Timeliness Toolkit for Expanding Newborn Screening Services

Section 4: "Cookbook" Policy Guide for NBS Staff

This resource is part of the Timeliness Toolkit for Expanding Newborn Screening Services. Explore the full Timeliness Toolkit for Expanding Newborn Screening Services.

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Summary

The following provides a guide for newborn screening staff with important steps to consider when making policy changes. Veteran NBS advocates may also find it helpful.

What You'll Need

To successfully address policy changes for newborn screening programs, you should determine your state's specific needs in order to meet the timeliness goals. Some steps will include:

  • Becoming familiar with your state's existing NBS transit times, courier service and operating hours
  • Involving your health department's government liaison 
  • Developing contacts at other organizations who be interested in this issue, including those who advocate for maternal and child health, parents and caregivers, healthcare providers and hospitals. Newborn screening covers a broad array of conditions and the issue is of the and the issue of interest to advocates from rare diseases and research communities. 

Key Steps

  1.  Confirm your state’s current newborn screening program’s transit times, courier services and lab operating hours. See the NewSTEPs state profiles
  2.  Identify the mechanism for changing this policy. In some states, it can be changed through a state advisory committee or Board of Health. In others, it will require a change in regulation or through legislation. In many cases, it will require additional funding. See ASTHO's Laws and Regulations Decision Tree in Section 3 of this toolkit
  3.  Determine whether there is currently an interest in your health department for a change in policy.
  4. Determine whether there is interest in the advocacy community to take action. Other organizations may already be considering work on the issue or willing to engage. Organizations interested in NBS policy include March of Dimes (see the list of contacts for each region here), Baby's First Test of Genetic Alliance, American Academy of Pediatrics, rare disease organizations, and hospital associations.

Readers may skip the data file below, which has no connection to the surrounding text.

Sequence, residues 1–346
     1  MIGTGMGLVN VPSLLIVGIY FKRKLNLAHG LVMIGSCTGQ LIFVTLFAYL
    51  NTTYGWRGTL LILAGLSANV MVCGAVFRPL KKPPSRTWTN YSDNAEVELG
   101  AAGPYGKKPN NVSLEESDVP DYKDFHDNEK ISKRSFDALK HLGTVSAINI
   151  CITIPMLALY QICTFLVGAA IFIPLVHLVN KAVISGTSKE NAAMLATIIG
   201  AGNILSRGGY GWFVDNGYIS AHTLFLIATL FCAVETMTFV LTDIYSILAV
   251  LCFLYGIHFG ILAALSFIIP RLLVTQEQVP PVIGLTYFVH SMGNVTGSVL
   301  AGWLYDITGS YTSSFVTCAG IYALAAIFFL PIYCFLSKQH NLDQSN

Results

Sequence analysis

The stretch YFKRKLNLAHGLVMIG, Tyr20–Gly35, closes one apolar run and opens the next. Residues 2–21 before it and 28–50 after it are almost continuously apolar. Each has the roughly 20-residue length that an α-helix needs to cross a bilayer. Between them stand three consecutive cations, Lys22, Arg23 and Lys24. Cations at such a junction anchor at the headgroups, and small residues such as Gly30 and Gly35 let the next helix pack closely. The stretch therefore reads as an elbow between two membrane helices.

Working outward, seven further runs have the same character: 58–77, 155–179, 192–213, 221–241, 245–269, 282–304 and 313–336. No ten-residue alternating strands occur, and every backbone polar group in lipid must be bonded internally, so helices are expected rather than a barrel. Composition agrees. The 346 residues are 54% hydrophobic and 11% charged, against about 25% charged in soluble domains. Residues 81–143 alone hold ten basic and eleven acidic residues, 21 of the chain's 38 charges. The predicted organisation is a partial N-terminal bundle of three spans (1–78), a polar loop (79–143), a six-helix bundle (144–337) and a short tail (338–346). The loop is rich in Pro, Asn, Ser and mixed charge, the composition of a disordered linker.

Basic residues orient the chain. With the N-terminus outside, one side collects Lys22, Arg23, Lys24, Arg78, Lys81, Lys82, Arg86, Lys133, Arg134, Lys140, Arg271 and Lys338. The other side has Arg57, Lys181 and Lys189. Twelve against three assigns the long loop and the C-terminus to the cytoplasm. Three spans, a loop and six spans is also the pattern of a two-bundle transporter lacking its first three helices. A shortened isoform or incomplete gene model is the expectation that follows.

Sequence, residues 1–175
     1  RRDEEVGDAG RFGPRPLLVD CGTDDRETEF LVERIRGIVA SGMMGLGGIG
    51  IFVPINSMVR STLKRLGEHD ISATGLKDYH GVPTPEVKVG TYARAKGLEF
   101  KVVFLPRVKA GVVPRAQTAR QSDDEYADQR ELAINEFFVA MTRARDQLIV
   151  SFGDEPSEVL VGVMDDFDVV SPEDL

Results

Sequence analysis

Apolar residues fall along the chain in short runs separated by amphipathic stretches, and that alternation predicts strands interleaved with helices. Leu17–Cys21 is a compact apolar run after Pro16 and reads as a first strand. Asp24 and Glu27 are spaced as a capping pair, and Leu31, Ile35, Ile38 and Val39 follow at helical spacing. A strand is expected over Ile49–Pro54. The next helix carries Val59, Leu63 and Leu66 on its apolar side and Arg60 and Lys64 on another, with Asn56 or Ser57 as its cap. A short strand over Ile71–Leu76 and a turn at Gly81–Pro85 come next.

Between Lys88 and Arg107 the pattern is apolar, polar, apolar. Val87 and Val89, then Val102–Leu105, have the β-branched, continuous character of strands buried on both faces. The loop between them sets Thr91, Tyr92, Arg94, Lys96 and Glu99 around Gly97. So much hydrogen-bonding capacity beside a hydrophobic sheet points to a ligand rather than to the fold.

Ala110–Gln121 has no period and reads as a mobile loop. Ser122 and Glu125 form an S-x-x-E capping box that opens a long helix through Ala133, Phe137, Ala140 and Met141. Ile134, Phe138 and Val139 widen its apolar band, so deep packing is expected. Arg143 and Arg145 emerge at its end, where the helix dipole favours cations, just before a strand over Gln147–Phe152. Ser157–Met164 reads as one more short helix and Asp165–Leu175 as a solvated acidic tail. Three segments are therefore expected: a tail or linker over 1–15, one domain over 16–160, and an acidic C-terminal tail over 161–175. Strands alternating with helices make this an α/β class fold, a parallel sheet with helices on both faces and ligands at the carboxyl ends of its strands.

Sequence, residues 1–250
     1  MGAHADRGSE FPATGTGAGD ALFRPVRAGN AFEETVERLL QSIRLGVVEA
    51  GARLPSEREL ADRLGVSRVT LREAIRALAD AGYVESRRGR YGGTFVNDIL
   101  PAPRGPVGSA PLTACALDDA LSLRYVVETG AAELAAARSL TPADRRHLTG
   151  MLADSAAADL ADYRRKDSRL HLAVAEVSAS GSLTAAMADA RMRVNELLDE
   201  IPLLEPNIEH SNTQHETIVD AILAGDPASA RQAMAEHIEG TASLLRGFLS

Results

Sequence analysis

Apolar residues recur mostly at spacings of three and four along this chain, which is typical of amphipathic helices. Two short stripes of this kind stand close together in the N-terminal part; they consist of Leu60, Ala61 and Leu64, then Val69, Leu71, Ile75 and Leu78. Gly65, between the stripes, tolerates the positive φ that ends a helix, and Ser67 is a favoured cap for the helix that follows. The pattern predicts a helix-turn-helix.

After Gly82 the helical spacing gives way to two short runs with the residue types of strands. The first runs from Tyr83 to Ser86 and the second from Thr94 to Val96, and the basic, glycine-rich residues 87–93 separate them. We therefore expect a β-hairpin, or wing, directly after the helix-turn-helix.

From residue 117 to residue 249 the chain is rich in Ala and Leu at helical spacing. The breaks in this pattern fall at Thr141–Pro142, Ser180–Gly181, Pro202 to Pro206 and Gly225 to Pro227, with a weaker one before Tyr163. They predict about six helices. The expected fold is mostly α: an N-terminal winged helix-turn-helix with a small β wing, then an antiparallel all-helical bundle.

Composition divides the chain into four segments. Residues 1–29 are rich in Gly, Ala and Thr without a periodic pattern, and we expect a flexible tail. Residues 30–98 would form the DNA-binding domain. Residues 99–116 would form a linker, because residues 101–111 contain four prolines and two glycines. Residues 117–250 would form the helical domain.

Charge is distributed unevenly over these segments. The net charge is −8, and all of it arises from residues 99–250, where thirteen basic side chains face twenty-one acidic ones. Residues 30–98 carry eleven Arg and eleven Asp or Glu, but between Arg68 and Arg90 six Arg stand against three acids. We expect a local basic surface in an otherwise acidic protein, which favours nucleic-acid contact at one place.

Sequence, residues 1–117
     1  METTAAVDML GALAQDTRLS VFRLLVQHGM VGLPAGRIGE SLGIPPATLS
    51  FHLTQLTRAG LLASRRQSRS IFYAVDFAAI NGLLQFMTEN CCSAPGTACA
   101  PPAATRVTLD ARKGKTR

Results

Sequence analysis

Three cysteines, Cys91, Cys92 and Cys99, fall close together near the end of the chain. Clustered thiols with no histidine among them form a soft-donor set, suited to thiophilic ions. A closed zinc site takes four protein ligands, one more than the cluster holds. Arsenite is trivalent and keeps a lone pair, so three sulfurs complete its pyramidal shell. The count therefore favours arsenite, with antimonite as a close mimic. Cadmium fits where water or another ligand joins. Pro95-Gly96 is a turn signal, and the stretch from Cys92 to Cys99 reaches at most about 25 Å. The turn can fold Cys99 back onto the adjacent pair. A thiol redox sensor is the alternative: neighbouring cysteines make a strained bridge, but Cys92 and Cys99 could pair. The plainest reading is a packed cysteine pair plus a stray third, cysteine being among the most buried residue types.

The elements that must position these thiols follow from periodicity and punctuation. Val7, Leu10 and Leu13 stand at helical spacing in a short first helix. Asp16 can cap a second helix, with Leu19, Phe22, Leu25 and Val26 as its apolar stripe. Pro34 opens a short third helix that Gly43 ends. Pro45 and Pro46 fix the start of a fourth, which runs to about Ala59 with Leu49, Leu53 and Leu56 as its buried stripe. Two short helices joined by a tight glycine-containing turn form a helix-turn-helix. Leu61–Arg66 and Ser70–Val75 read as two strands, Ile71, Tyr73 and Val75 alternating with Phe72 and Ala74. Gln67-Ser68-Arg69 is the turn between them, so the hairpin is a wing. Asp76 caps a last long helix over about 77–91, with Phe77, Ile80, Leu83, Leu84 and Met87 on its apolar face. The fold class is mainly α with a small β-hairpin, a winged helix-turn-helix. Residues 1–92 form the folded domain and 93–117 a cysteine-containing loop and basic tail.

5.  Determine your best arguments for promoting this policy change. State health officials and policymakers may be more interested in knowing about the short or long-term public health impact, cost, and cost-effectiveness, or the experiences of other states that have already implemented the change.
  6.  Develop a fact sheet to explain the need for the policy change. See Section 5, Communication Materials, for more information.
  7.  Tell an impactful story through a family experience or a narrative about a newborn screening program feature.
  8.  Utilize social media to help educate the public and policymakers about the program’s needs.

For more information, see "Developing an Advocacy Strategy" (Chapter 3) in UNICEF's Advocacy Toolkit for additional information.

Tips on Writing a Policy Statement

A policy statement describes an organization’s stance on a particular topic and contributes to the policy base of the organization. Policy statements serve to clarify the intent, position, and justification to stakeholders and the general public.

A good policy statement should:

  • Contain a clear statement of position, preferably in the first paragraph
  • Include background and rationale for the position
  • Include any relevant information and cite/include links for other documents
  • Avoid any contradictory statements within the policy statement or with other organizational policy statements

For more information about policy statements and policy langugage, including examples, please refer to APHL's Residual Dried Blood Spot Educational Toolkit.